Young imaginations are tempted in this counting book that invites readers to invent stories to go along with illustrations...

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Young imaginations are tempted in this counting book that invites readers to invent stories to go along with illustrations and captions, sort of a version of Chris Van Allsburg's The Mysteries of Harris Burdick (1984), with its sinister quality counterbalanced by greeting-card pretty double-page spreads. The book opens on a scene in a cottage strongly suggestive of the story of the three bears and Goldilocks: Appearing are three bowls of porridge (one empty), three chairs (one knocked over), an open door, and a caption--""The only sounds were the crackling of the fire and a muffled thump from the window seat."" Other settings include a kitten with a fish tank, a toy shop where ""as soon as it was dark, the mischief began again""; a marionette stage; a boy's bedroom; an attic; a teddy bears' picnic; a bunny in a cabbage patch longing to go to sea; a beach; and, finally, a Cinderella-style coach on its way to a castle as a group of fairies emerge from a grape arbor. Objects repeated in the margins lead children through a counting lesson. The soft pictures have appeal.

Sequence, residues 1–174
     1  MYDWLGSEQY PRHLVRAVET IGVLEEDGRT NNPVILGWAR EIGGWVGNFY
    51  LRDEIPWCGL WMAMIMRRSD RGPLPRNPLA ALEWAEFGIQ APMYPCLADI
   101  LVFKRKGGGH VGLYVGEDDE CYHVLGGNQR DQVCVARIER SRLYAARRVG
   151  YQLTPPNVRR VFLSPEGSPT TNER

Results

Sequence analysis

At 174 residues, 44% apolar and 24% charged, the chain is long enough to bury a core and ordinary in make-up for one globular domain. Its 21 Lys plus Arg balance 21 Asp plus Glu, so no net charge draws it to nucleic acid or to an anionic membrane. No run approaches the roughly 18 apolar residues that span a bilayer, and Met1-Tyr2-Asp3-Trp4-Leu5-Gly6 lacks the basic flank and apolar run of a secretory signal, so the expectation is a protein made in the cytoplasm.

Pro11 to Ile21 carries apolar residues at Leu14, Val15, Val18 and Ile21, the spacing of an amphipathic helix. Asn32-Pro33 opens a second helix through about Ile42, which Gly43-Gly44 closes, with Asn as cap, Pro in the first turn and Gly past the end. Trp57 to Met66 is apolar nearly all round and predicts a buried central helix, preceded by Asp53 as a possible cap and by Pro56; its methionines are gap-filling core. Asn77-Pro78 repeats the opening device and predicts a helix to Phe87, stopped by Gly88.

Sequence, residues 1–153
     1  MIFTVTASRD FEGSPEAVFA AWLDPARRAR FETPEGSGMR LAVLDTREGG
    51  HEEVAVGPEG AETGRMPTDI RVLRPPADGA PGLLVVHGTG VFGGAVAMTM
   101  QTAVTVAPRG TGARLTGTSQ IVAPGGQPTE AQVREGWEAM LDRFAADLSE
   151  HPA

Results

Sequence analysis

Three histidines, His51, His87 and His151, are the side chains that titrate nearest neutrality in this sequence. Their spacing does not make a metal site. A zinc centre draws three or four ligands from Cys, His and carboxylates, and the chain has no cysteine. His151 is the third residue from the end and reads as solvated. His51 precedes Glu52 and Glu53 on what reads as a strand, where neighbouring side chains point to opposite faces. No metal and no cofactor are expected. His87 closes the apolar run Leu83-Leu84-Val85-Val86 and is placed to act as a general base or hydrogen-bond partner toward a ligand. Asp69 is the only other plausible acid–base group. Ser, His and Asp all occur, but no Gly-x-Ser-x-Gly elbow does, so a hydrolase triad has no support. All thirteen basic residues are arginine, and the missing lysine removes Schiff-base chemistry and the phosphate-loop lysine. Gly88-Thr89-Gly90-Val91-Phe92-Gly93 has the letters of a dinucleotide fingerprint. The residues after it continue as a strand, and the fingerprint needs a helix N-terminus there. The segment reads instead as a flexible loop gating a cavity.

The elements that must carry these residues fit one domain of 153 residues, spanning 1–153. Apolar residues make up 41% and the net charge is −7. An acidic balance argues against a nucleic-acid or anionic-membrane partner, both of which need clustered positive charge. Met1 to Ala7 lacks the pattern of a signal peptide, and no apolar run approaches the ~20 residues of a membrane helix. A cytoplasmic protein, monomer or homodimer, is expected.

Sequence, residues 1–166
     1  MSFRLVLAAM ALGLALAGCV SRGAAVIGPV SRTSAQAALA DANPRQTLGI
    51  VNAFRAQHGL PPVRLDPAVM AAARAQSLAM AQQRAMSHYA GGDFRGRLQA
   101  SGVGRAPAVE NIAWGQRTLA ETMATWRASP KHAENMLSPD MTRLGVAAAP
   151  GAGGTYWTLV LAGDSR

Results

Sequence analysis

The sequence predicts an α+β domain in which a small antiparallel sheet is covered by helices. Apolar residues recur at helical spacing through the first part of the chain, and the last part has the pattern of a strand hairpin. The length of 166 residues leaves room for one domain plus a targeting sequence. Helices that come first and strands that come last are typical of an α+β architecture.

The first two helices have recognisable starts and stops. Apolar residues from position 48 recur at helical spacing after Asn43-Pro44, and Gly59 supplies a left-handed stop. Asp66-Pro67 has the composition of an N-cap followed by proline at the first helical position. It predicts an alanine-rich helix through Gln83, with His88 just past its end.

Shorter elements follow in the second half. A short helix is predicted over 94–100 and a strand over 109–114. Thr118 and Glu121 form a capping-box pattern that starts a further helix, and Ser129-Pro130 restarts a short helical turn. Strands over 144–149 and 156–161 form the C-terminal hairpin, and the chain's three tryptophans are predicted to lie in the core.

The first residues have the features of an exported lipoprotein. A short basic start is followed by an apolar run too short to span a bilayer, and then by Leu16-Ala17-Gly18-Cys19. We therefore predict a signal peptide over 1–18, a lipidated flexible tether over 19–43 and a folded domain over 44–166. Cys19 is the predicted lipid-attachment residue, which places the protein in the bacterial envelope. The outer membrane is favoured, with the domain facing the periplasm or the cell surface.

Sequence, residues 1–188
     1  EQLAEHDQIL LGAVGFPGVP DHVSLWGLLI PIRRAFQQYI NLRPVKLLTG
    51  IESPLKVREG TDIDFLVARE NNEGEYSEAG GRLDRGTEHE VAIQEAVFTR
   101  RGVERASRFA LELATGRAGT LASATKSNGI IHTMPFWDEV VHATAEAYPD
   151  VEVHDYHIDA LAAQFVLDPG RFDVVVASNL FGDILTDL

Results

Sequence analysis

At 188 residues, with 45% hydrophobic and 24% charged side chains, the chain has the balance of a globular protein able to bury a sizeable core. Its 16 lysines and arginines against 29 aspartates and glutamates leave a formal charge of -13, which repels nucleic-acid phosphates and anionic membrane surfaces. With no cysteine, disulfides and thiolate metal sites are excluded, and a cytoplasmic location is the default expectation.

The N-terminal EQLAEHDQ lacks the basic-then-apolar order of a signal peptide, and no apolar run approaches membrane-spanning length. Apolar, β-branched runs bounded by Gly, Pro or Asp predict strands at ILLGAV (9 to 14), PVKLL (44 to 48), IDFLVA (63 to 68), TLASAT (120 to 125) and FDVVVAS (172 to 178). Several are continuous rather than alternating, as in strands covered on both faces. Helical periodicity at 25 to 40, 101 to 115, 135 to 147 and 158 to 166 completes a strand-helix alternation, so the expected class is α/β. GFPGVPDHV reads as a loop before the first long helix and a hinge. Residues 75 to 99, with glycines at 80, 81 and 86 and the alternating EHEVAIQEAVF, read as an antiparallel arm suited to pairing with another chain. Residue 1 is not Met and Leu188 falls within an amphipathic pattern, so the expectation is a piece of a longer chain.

Pub Date: Aug. 1, 1996

ISBN: N/A

Page Count: 32

Publisher: Simon & Schuster

Review Posted Online: N/A

Kirkus Reviews Issue: July 15, 1996